Second Baptist Church, Suffield, Connecticut (2)

Another view of the Second Baptist Church, taken around 1935-1942. Image courtesy of the Connecticut State Library, WPA Architectural Survey Collection.

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The church in 2017:

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The first photo was taken as part of a Works Progress Administration program to document historic buildings in Connecticut. Around 100 years old at the time, the Second Baptist Church was among those photographed in Suffield’s historic town center. As mentioned in more detail in the previous post, the congregation was established in 1805 by members of the First Baptist Church. The current building was completed in 1840, and has remained in use ever since.

The church is now nearly twice as old as it was when the first photo was taken, but its exterior has seen little change. The only significant difference is the loss of the parsonage on the extreme right, which was demolished in the 1950s to build a new wing of the church. Along with many other historic buildings in the center of Suffield, the church is a contributing property in the Suffield Historic District on the National Register of Historic Places.

Second Baptist Church, Suffield, Connecticut (1)

The Second Baptist Church, on North Main Street in Suffield, around the early 1900s. Image from Celebration of the Two Hundred and Fiftieth Anniversary of the Settlement of Suffield, Connecticut (1921).

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The church in 2017:

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In the colonial era, nearly all of the churches in New England were Congregational. At the time, Baptists were a very small minority, but they gained a foothold here in Suffield. The first Baptist church in Hartford County was established in the town in 1769, and its congregation met in a small church about three miles west of the town center. Despite the remote location, the church remained there in the Hastings Hill neighborhood, and the current church building was built in 1846.

Because of how far removed it was from the town center, though, the Second Baptist Church was formed in 1805, and in 1840 they built this building on North Main Street, right in the center of Suffield. It was designed by Suffield native Henry A. Sykes, who was the architect for a number of buildings throughout the Connecticut River Valley in the mid-19th century. The Greek Revival architecture is fairly typical for New England churches of the era, with a symmetrical front facade, a columned portico, and a multi-stage steeple above it.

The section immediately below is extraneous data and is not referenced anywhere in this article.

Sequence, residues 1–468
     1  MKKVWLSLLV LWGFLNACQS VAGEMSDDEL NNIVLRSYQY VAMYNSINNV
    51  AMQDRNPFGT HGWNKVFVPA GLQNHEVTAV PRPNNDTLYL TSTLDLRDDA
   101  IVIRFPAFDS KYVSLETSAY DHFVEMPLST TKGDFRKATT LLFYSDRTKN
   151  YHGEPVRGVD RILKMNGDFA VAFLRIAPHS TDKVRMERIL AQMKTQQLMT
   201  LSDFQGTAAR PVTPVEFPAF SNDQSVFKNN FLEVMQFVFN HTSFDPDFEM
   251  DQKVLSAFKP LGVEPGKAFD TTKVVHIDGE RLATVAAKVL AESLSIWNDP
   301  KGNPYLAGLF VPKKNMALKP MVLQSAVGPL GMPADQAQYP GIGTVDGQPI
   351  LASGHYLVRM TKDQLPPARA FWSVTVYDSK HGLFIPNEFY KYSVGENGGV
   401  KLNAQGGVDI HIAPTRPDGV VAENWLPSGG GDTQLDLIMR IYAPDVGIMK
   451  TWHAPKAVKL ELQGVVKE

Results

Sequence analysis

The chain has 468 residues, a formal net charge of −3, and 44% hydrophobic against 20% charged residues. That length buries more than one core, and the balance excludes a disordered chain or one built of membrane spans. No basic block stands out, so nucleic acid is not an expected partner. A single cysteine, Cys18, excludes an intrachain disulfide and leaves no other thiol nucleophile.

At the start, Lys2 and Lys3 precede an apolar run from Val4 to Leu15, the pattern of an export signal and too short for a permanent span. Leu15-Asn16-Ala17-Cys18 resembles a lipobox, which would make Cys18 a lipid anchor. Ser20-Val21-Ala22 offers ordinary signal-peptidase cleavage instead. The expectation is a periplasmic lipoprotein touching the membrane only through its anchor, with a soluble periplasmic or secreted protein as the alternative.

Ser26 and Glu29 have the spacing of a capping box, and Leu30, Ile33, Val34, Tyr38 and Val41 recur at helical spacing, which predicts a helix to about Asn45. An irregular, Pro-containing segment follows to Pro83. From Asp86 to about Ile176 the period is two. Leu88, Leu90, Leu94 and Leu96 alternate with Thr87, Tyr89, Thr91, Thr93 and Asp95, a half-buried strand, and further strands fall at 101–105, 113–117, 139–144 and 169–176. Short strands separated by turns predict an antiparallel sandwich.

The church building was completed a year after Dwight Ives became the pastor. He served here for many years, and had close ties to the Connecticut Literary Institute, located across the street. Known today as Suffield Academy, it had been founded as a Baptist school, and many of the students attended church here. During Ives’s 35 year long pastorate here, the church experienced several revivals, with a significant growth in the size of the congregation.

About a century after the first photo was taken, the Second Baptist Church is still an active congregation. There have been some changes, most notably the demolition of the parsonage to the right of the church and the construction of several additions in the 1950s. The church itself is still standing, though, along with the Ebenezer Gay Manse, barely visible in the distance on the far left of the photos. Both buildings are important landmarks in downtown Suffield, and they are part of the Suffield Historic District on the National Register of Historic Places.

East Granby Congregational Church, East Granby, Connecticut

The East Granby Congregational Church, at the corner of North Main Street and Rainbow Road, around 1930. Image from Sketch of the Congregational Society and Church of East Granby, Conn. (1930).

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The church in 2017:

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Early 19th century stone churches are rare in the Connecticut River Valley, where most meetinghouses were built of either wood or brick. As a result, this granite church in East Granby stands out in contrast to the archetypal white, wood-frame churches of small-town New England. It was completed in 1831, and was one of many churches designed by Northampton, Massachusetts architect Isaac Damon, whose most prominent existing work is probably Springfield’s Old First Church. However, the East Granby church is very different from most of his other churches, which were almost invariably wood, with a columned portico in the front and a tall spire above it.

At the time of its completion, the church was actually located in Granby. The present-day towns of Granby and East Granby had been part of Simsbury in the colonial era, but in 1786 the two northern parishes were formed into the town of Granby. The eastern parish, originally known as Turkey Hills, subsequently split off from Granby in 1858 to form East Granby, with this area here as the town center.

The first photograph was taken around the time of the building’s 100th anniversary. At the time, East Granby’s population was just about 1,000 people, not much higher than when the town had been incorporated over 70 years earlier. However, in the nearly 90 years since then, the town has undergone significant growth as a suburb of Hartford, and now has over 5,000 residents. Part of Bradley International Airport is also located in the town, just over a mile east of the church.